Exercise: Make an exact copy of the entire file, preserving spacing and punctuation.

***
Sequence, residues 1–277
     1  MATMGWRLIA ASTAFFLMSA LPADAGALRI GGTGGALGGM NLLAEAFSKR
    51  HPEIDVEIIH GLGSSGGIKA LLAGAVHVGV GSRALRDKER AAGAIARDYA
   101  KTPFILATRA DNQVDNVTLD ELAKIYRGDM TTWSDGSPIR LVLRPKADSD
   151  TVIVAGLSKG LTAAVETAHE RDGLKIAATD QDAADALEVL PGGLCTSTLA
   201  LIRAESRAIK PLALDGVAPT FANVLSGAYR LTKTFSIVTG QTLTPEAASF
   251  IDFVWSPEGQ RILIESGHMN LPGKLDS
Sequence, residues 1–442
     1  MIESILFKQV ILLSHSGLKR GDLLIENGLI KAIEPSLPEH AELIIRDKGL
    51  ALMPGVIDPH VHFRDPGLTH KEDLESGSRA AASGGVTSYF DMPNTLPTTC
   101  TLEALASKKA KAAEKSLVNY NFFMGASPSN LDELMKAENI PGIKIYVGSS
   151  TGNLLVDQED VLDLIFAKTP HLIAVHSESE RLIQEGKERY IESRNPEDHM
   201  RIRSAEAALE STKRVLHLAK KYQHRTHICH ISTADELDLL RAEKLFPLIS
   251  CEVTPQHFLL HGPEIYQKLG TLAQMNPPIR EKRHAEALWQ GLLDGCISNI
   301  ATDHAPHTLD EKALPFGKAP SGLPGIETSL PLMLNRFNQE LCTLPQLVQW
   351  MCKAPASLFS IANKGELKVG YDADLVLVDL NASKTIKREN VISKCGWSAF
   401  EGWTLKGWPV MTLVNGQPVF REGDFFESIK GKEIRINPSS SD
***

Sequence, residues 1–277
     1  MATMGWRLIA ASTAFFLMSA LPADAGALRI GGTGGALGGM NLLAEAFSKR
    51  HPEIDVEIIH GLGSSGGIKA LLAGAVHVGV GSRALRDKER AAGAIARDYA
   101  KTPFILATRA DNQVDNVTLD ELAKIYRGDM TTWSDGSPIR LVLRPKADSD
   151  TVIVAGLSKG LTAAVETAHE RDGLKIAATD QDAADALEVL PGGLCTSTLA
   201  LIRAESRAIK PLALDGVAPT FANVLSGAYR LTKTFSIVTG QTLTPEAASF
   251  IDFVWSPEGQ RILIESGHMN LPGKLDS
Sequence, residues 1–442
     1  MIESILFKQV ILLSHSGLKR GDLLIENGLI KAIEPSLPEH AELIIRDKGL
    51  ALMPGVIDPH VHFRDPGLTH KEDLESGSRA AASGGVTSYF DMPNTLPTTC
   101  TLEALASKKA KAAEKSLVNY NFFMGASPSN LDELMKAENI PGIKIYVGSS
   151  TGNLLVDQED VLDLIFAKTP HLIAVHSESE RLIQEGKERY IESRNPEDHM
   201  RIRSAEAALE STKRVLHLAK KYQHRTHICH ISTADELDLL RAEKLFPLIS
   251  CEVTPQHFLL HGPEIYQKLG TLAQMNPPIR EKRHAEALWQ GLLDGCISNI
   301  ATDHAPHTLD EKALPFGKAP SGLPGIETSL PLMLNRFNQE LCTLPQLVQW
   351  MCKAPASLFS IANKGELKVG YDADLVLVDL NASKTIKREN VISKCGWSAF
   401  EGWTLKGWPV MTLVNGQPVF REGDFFESIK GKEIRINPSS SD